Why the Lib Dems choosing who to go into coalition with could be fraught with problems


October 7, 2014 by Paul Goldsmith


As the Lib Dems spend time claiming full responsibility for all coalition policies that they like and no responsibility for coalition policies that they don’t like (despite there having been two parties in the room when they were agreed) – some fascinating electoral scenarios are emerging which could make the days after May 7th 2015 rather fruity to say the least.

The strategy this week for the Lib Dems is to remind the public that they are a positive force on any coalition. As their election supremo Paddy Ashdown has pointed out – “Labour will screw the economy and the Tories will screw the weak. Well, here’s our message – we won’t let them do it.” This is an attempt to remind the public that it would be better if neither main party won a majority and the Lib Dems could remain in government as a moderating force – equidistant from both parties.

So far so obvious. But here lies the problem – who do they go into coalition with. The majority of Lib Dem activists are apparently left-wing, which might mean they would be more comfortable with Labour. But there is also a sense of “better the devil you know” about going into government with the Conservatives, who they know that they can at least work with.

The Lib Dems have answered that they will go into coalition with whoever is the “largest party” in the Commons. That though – is a key ambiguity. It is quite possible in May that Labour would have more seats in the Commons but the Conservatives will have more votes – because of the vagaries of the FPTP election system that means that with lower turnouts and smaller constituencies where Labour tend to win, they can win more seats with less votes. This happened in 1951 (Labour had more votes but less seats) and February 1974 (Conservatives had more votes but less seats), so it is possible.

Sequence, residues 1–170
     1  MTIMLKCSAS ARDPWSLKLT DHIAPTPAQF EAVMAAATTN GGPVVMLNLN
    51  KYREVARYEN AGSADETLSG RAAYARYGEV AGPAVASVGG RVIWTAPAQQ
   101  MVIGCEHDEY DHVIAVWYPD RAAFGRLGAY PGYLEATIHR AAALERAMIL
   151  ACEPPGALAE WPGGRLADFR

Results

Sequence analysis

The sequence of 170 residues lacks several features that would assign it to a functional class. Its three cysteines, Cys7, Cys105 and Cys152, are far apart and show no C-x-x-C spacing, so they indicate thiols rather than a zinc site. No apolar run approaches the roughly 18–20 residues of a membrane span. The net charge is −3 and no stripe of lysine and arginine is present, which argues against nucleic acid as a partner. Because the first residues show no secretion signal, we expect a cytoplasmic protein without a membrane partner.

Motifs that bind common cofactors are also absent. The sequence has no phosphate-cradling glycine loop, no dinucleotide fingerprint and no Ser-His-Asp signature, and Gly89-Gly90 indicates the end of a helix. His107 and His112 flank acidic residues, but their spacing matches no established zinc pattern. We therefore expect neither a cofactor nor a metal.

In that case – who would the Lib Dems choose? Which would be the coalition with the greatest legitimacy? The coalition with the greatest likelihood of actually being able to govern, and get bills through Parliament would be the one with the highest number of seats – but do you think the Conservatives would sit back and not challenge the legitimacy of Labour in government if the Tories had more votes?

But it actually gets a bit more controversial when you realise that it is also possible that the Lib Dems would be “King-makers” – essentially choosing which major party will go into government, because they are the third largest party in terms of seats…without being the third largest party in terms of votes. It is possible, even likely according to the polls, that UKIP will win more votes than the Lib Dems at the next election, but nowhere near enough seats. This is because the Lib Dem core vote is geographically concentrated in the South West of England and parts of Scotland so they can still count on some seats falling into their hands even with less than 10% of the popular vote. UKIP may well win more votes than them but have no influence on who is in government. Do you think Nigel Farage would let that situation pass without comment? Neither do I.

The upcoming General Election is unpredictable enough. But it’s just got more unpredictable.

2 thoughts on “Why the Lib Dems choosing who to go into coalition with could be fraught with problems

  1. Oscar says:

    With the coalition overall, do you not think that it leads to a loss of democracy because in the end it is no longer the people who are choosing who will govern them, but actually the third most popular party?


    • Well this is the problem with coalitions. On the plus side, the government represents over 50% of the electorate. That seems good. But it means for instance that those who did vote for the parties are not getting the manifesto promises they voted for, but the result of an agreement behind closed doors. The fact that the liberal democrats are not even pretending this time they have a chance at government, but that their tactic is to say that they can moderate the behaviour of the Tories and Labour shows this problem. You now have to pay very close attention to the manifestos of UKIP, the SNP and even Plaid Cymru. You might be getting those policies practiced on you. Effective government, in terms of policies getting through, will be slowed down, and in the end few people get the actual government they voted for. But until someone comes up with a better solution for governing a country where the winning party doesn’t have a majority it’s what we’ve got


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